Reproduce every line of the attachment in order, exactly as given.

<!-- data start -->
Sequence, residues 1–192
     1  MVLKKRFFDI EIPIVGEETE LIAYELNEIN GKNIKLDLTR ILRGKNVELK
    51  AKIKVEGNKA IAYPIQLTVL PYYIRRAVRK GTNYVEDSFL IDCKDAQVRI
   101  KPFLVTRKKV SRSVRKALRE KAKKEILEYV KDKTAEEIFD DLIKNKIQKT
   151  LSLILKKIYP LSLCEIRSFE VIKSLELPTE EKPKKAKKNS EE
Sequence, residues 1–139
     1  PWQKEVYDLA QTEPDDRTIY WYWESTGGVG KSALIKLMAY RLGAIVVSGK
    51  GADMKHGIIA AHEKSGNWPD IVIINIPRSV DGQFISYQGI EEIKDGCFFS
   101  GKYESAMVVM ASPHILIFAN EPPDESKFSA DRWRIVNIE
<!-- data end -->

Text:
Sequence, residues 1–192
     1  MVLKKRFFDI EIPIVGEETE LIAYELNEIN GKNIKLDLTR ILRGKNVELK
    51  AKIKVEGNKA IAYPIQLTVL PYYIRRAVRK GTNYVEDSFL IDCKDAQVRI
   101  KPFLVTRKKV SRSVRKALRE KAKKEILEYV KDKTAEEIFD DLIKNKIQKT
   151  LSLILKKIYP LSLCEIRSFE VIKSLELPTE EKPKKAKKNS EE
Sequence, residues 1–139
     1  PWQKEVYDLA QTEPDDRTIY WYWESTGGVG KSALIKLMAY RLGAIVVSGK
    51  GADMKHGIIA AHEKSGNWPD IVIINIPRSV DGQFISYQGI EEIKDGCFFS
   101  GKYESAMVVM ASPHILIFAN EPPDESKFSA DRWRIVNIE